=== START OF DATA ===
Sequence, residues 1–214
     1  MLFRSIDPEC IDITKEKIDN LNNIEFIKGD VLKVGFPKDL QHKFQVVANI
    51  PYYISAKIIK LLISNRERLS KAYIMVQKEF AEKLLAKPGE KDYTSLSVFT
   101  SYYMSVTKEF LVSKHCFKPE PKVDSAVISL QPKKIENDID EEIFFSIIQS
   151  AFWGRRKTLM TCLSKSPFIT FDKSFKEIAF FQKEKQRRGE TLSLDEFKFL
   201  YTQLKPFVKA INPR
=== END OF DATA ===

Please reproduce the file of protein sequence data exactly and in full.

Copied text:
Sequence, residues 1–214
     1  MLFRSIDPEC IDITKEKIDN LNNIEFIKGD VLKVGFPKDL QHKFQVVANI
    51  PYYISAKIIK LLISNRERLS KAYIMVQKEF AEKLLAKPGE KDYTSLSVFT
   101  SYYMSVTKEF LVSKHCFKPE PKVDSAVISL QPKKIENDID EEIFFSIIQS
   151  AFWGRRKTLM TCLSKSPFIT FDKSFKEIAF FQKEKQRRGE TLSLDEFKFL
   201  YTQLKPFVKA INPR